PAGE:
Sunday June 5th vs Old Mincheldenians

Old Mincheldenians 175 for 8   Great Missenden Pelicans 87 all out

LOST by 88 runs

Man of the Match: Josh

A miserable Pelis effort enlivened only by a run-out by Josh that would have done credit to a T20 international, and Toobes pushing his batting average through 50

The Pelicans took in a new venue, a trip to the outskirts of sweet-smelling London town, to take on Old Minchendenians.

But despite the joyous sight of a man who should know better hooning around on the edge of the field on a motorbike and a decent bowling display, a truly insipid effort with the bat saw the Pelicans slump to an 88-run defeat.

There were high points (Skip won a toss, Iceman took a catch, Josh acted like Jonty Rhodes in the field), but they were outshone by the low points (more on them later).

It started well, with the coin falling in the Skipper’s favour and a decision was made to take first use of the ball.

For a good portion of the innings, it looked like a good decision. Toobes and Josh had to contend with a raised square that made landing the delivery stride a trifle tricky. Toobes did a decent job, but he did have a couple of moments. The second time he almost took off his own toe with the ball after failing to let go at the correct time prompted a petulant kick at the ball (he missed, obviously) and then vented his spleen at Bech, imploring him to run faster. Bech and Usain Bolt should not be uttered in the same sentence, so imploring him to run faster after the ball is as futile as asking your teenage son not to toss himself off in the shower.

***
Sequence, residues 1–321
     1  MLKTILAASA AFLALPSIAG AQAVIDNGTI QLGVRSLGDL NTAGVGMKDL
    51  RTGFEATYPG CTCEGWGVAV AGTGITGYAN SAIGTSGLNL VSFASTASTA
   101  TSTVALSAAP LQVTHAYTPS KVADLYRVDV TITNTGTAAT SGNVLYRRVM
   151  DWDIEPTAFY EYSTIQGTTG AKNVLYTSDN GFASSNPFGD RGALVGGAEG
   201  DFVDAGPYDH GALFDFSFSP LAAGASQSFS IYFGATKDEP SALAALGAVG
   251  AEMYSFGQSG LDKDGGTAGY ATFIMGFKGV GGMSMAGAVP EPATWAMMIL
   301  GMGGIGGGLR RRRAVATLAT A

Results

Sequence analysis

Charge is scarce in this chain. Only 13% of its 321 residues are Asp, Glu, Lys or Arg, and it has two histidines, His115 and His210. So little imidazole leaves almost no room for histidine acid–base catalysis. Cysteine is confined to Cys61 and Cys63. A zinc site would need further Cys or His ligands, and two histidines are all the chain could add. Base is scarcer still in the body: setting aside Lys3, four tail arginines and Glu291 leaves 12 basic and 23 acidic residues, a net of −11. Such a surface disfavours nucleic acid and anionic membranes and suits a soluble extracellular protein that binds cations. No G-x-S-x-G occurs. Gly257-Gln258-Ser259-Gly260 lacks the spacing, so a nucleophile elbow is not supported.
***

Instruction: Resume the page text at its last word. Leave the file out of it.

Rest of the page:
Despite the occasional flounce, Toobes bowled with precision and was rewarded with a couple of quick wickets. They brought in the Minchendenians’ No. 4 and he looked a batsman of real quality. It was therefore a shame on his part that he smashed a ball down the ground and set off for a single, only to see Josh scamper to his left, pick up and throw down the stumps. It was a moment of brilliance that is seen very few times in a Pelicans season.